Discovering the history of San Francisco’s Chinatown with Insight

by | 24 Jun 2022

Within the streets and alleyways of San Francisco’s Chinatown lie intriguing stories and a rich cultural history, including the birth of San Francisco itself. Full of colorful shops, historic streetlights, hanging lanterns and delicious cuisine, America’s oldest Chinatown has been home to a significant Chinese population in San Francisco for over 150 years.

We invite you to join a memorable MAKE TRAVEL MATTER® Experience on a youth-led walking tour of Chinatown’s alleys, to discover San Francisco’s Chinatown history from those that know it best.


Step off the main streets and into the alleyways with your student youth guide to learn about the daily life, rich history and modern-day issues of San Francisco’s Chinatown. As you walk you will discover the history of San Francisco and its relationship with Chinatown, as well as its cultural impact on the surrounding communities. Your guide will sharing personal stories including what it is like to be a resident of Chinatown, and highlight the struggles and triumphs of the community and the preservation of this vibrant and influential neighborhood.

This a fascinating opportunity to get a locals’ perspective of the neighborhood and, by joining this MAKE TRAVEL MATTER® Experience and supporting Chinatown Alleyway Tours, your visit helps to fund youth programming for residents of Chinatown. As well as gaining a fascinating and unique perceptive of the area, participation in the tour supports education, entrepreneurship and tourism for underrepresented cultures.

Discover on: Best of California


The birth of San Francisco: Within the heart of Chinatown lies Portsmouth Square, the location of the first private residence of San Francisco. The house was built sometime around 1822 by an English sailor. The handful of houses that then built up around the square in 1846 were the beginning of San Francisco.

The Gold Rush and the first settlers: Lured by the Gold Rush of 1848 when gold was discovered in the Sierra foothills, in 1850 around 20,000 Chinese arrived. San Francisco was the port of entry for the gold fields as men stocked up on provisions. Soon Chinese merchants set up businesses and shops in what is now Chinatown.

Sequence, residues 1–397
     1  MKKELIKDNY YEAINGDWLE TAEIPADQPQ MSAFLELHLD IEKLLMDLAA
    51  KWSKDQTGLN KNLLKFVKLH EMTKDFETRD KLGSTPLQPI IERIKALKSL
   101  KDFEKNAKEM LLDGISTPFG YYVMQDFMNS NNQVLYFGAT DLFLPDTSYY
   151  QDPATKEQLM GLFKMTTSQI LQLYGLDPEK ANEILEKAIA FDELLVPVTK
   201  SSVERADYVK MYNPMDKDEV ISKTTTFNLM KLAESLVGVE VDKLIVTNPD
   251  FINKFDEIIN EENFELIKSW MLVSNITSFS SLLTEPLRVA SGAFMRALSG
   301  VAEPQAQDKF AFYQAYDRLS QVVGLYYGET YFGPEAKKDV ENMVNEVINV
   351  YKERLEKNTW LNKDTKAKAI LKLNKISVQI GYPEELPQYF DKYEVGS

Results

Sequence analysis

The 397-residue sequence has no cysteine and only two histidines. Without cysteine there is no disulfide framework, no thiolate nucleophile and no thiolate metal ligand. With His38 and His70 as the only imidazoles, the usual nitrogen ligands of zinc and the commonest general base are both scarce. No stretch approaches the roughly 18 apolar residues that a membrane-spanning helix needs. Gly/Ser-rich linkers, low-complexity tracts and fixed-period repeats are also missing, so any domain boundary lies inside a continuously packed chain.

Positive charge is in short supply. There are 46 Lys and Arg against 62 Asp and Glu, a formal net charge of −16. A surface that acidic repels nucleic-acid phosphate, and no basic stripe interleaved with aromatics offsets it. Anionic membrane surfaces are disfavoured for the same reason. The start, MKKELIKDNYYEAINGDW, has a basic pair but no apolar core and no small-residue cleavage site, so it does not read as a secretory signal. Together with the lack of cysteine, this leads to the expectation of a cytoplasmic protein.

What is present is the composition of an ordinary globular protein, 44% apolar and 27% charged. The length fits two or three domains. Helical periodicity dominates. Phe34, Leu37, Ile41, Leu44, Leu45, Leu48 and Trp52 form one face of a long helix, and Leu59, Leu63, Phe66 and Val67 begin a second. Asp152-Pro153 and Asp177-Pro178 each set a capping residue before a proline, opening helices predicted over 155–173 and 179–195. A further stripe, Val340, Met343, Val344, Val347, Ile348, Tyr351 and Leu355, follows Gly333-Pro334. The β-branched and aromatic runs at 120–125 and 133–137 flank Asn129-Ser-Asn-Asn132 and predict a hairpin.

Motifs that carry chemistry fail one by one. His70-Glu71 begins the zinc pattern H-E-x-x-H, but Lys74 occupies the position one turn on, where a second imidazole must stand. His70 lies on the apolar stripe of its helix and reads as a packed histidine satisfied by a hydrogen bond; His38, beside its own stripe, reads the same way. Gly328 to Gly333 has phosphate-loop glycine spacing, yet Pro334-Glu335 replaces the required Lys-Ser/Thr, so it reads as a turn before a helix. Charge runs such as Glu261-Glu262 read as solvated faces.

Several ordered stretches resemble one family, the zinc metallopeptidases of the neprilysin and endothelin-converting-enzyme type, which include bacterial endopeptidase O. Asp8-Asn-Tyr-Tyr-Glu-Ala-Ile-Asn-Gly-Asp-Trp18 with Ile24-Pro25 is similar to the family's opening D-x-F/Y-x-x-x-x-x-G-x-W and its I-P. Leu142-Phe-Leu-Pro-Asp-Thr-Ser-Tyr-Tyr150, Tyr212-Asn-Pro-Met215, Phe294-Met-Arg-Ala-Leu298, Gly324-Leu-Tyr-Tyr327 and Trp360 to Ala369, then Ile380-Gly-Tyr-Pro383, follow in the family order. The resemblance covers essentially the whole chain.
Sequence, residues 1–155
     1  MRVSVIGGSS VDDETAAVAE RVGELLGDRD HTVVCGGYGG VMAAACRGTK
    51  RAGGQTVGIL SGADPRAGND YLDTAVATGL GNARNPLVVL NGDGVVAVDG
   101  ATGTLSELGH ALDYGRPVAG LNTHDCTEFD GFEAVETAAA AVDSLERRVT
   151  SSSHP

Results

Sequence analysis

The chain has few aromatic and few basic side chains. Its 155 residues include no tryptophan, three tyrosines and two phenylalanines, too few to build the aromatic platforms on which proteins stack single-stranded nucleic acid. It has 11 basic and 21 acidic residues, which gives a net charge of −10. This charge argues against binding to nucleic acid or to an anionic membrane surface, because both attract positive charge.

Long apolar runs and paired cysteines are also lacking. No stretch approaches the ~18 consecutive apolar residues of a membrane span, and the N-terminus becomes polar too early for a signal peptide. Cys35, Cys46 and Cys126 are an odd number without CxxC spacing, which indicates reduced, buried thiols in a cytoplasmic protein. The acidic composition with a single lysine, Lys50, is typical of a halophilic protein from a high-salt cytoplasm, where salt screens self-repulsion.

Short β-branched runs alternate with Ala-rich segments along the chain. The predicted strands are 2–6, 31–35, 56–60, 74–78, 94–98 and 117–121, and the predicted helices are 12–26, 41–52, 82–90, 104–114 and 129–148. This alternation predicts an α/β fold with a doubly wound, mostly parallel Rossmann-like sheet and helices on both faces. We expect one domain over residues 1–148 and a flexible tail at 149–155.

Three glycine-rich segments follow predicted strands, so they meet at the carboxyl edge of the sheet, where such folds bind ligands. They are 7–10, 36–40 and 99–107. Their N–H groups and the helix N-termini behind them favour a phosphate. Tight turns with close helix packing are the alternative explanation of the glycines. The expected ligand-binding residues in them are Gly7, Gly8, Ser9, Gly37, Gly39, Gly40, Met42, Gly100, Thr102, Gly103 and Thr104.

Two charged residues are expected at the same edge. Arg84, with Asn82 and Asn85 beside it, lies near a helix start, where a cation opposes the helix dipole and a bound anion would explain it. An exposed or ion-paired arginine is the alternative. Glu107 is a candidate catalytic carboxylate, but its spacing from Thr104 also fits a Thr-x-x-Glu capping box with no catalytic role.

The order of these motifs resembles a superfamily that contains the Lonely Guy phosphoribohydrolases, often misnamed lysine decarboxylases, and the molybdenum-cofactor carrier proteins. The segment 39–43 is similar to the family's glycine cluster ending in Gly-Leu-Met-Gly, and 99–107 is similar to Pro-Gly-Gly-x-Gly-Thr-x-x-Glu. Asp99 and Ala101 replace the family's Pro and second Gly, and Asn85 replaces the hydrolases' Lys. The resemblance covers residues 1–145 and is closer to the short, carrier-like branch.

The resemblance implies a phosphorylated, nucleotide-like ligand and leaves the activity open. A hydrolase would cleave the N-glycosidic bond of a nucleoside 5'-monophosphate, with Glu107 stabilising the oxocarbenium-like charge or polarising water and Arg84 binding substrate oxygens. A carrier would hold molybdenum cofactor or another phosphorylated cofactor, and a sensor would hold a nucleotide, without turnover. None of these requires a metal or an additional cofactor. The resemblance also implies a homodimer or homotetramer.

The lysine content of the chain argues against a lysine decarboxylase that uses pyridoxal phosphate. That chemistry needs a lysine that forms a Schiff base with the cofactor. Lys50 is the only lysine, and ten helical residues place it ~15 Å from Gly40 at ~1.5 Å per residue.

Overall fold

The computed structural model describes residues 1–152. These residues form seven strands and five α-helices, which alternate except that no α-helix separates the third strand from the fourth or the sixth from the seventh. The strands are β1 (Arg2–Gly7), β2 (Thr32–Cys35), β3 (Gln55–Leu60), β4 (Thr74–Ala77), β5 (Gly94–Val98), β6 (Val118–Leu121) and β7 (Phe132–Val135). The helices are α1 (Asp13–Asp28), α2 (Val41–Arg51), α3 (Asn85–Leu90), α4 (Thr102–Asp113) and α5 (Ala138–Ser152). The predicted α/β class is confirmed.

The Transcontinental Railroad: Many Chinese men came to America to work on the Transcontinental Railroad in the mid 1800’s, which also increased the Chinese population of San Francisco. When the railroad was complete, many came to the city with their families and made it their home.

Earthquake of 1906 and the New Chinatown: In 1906 a huge earthquake set off a fire that destroyed much of the older part of San Francisco, including Chinatown, a pivotal moment in the history of Chinatown. Plans were made to rebuild in another part of the city, but residents quickly rebuilt to stop those plans. At the time it was rebuilt in Edwardian style, with Chinese inspired decorations, giving a nod to the old China. St Mary’s Church is the only structure to survive the inferno.

Read more: Why learning through travel is the best way to keep your mind young


With so much to see and do in Chinatown, your senses will be alive and kicking, and do keep an eye out for these historic points. The ornate Dragon’s Gate, a traditional stone archway, and one of the most photographed spots in Chinatown, marks the southern entrance to neighborhood and has been greeting visitors since 1970.

Portsmouth Square, where the first private residence of the city was built, is now a park in the center of Chinatown and is home to many historical markers and statues. Unfortunately, the original house no longer stands, but today Portsmouth Square serves as a meeting place for locals to enjoy the sunshine, and play chess and practice Tai Chi, and is a great place to discover San Francisco Chinatown and history watch the local culture unfurl around you.

The Tin How Temple in Waverly Place is the oldest Chinese temple in the United States., dating back to the 1050s and is still an active place of worship.

Waverly Place, aka the Street of the Painted Balconies, is now one of the prettiest and most charming alleys in Chinatown. However, it is also the site of one of Chinatown’s most notorious gang fights in 1879, when 50 men from two tongs fought in the small alley, leaving four men dead, a dark moment in the history of Chinatown.

If you are keen to gain a unique insight into San Francisco’s Chinatown, book onto our Best of California premium guided tour.

I'm a writer, editor and interview specialist with a lifetime's love of travel. There’s nothing more inspiring to me than meeting, and writing about, the world's leading destination experts and travel industry insiders. The thing I love most about writing for Insightful is that I'm always learning something new.